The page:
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Things to Do Before You Sign a Non-Compete 

When you are offered a position, it usually comes with a few strings. You’ll be given an employee handbook and asked to sign a form that you agree with the policies. Sometimes, contracts have a few more specific notations, such as agreements not to disclose secrets, or even agreements about what happens after you leave the position. This last is known as a non-compete. While more and more employers make them a condition of accepting a job offer, they’re not something you should sign without thoroughly understanding them.

If you are being asked to make significant concessions, it can be worth it to have an employment law firm look the agreement over before you sign. While many sweeping non-competes are unenforceable, knowing what you are getting into in advance can save headaches later on.

What Is a Non-Compete?

A non-compete agreement restricts where you can work after you leave your current job. Typically, they prohibit you from working for a competitor or starting your own business in the same field. Most are restricted to a particular geographic area and are time-bound. For instance, you might be required not to work for a competitor in your industry within a 50 mile radius for two years.

What to Do If You Are Asked to Sign a Non-Compete

Nearly half of all employers bind at least some of their employees to non-compete agreements. Some agreements are sent along with offer letters when you get the job. Others are included in the employee handbook. Be sure to read everything thoroughly before you sign.

Don’t be afraid to ask why you are being asked to sign a non-compete. Ask what you are getting in return for the exclusivity. In many states, additional consideration is required if you are being asked to sign away rights. For instance, a non-compete may be attached to a bonus structure or specific severance agreements. You may also be asked to sign a non-compete at a current job because you are being given extra training or getting a promotion.

Know Your State Laws

Protection for workers happens largely at the state level. In states like Massachusetts and Pennsylvania, you must receive valuable consideration if you are expected to sign a non-compete.

However, in other states like Florida, you may not be entitled to any additional compensation for signing a non-compete. In these states, the job itself is considered adequate consideration. By becoming familiar with employment laws in your state, you can determine whether what you are being asked for is fair and legal.

Be Willing to Negotiate

Some non-competes are written in ways that would make it difficult to find new work in your field after leaving a company. If this is true in a non-compete you are being offered, see if your employer would be willing to negotiate on the terms.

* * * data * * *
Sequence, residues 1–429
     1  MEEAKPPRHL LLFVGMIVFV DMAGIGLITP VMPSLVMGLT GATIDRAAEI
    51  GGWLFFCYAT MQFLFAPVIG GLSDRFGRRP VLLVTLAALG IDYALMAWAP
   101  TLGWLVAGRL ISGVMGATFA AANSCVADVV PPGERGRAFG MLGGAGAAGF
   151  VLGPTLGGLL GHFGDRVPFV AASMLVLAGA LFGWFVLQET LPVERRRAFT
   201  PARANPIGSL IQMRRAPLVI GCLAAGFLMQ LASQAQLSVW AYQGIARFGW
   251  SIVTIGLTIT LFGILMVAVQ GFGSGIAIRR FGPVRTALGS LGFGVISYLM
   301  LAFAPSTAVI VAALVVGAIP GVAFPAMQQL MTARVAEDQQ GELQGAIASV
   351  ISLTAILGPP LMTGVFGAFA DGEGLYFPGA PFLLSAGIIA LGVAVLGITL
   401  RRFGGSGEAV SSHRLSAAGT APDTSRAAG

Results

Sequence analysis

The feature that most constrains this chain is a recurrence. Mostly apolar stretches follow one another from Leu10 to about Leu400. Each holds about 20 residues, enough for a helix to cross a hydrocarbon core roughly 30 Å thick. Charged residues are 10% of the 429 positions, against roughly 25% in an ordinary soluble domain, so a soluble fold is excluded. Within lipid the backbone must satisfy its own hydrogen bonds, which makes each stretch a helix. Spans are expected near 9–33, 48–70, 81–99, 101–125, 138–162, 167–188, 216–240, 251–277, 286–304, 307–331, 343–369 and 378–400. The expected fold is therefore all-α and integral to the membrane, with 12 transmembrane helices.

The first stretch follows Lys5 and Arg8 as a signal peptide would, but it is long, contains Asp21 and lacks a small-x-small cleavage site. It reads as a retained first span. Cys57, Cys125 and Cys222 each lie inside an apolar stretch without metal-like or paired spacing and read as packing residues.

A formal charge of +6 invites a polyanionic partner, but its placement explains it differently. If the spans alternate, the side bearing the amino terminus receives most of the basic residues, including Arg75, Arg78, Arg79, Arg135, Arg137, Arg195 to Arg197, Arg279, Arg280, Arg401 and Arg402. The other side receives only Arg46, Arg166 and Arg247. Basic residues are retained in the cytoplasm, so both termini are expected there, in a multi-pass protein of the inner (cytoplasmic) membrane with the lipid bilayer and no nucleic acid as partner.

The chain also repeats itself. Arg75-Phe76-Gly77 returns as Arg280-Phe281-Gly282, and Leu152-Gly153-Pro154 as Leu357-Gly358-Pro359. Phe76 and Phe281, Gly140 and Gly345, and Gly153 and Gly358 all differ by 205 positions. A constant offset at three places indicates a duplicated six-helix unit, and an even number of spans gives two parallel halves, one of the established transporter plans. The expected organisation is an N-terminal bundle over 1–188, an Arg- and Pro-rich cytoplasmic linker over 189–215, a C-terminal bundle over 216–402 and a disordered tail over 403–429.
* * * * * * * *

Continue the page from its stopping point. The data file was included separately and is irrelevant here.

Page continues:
For instance, you may wish to shorten the duration of the non-compete, or narrow the applicable geographic area. These will keep more opportunities open to you if you need to switch jobs.

You can also ask for a narrow definition of what your employer considers a customer or a competitor. For instance, if you are working for a company that makes running shoes, consider asking whether a different athletic product or a different kind of shoemaker would be considered “competitors” for the terms of your agreement.

Don’t Assume It Won’t Be Enforced

Employers know that most workers do not have the time or funds to defend themselves against a lawsuit. Non-competes are often used as scare tactics to keep employees in line.

However, that doesn’t mean that an employer will not pursue a lawsuit if you violate the non-compete.

Usually, employers decide on a case by case basis which agreements to pursue. If you have gone into business for yourself and you are openly courting customers of your former employer, this could lead to a lawsuit.

Summing Up

Remember that when you are interviewing for a job, you are interviewing the employer as much as they are interviewing you. Before agreeing to sign a non-compete, consider what that could mean for you later on. Do you plan to be with the company for a long time, or do you see yourself moving laterally in a few years? Is the agreement written in a way that will make it hard to make a living?

Don’t be afraid to stand up for yourself during negotiations. You may find that the terms offered for a job do not fit your plans or your goals. Or, you could learn that the agreement is reasonable or that your employer is willing to work with you. By being willing to speak up and negotiate, you can get the outcomes you want.

 

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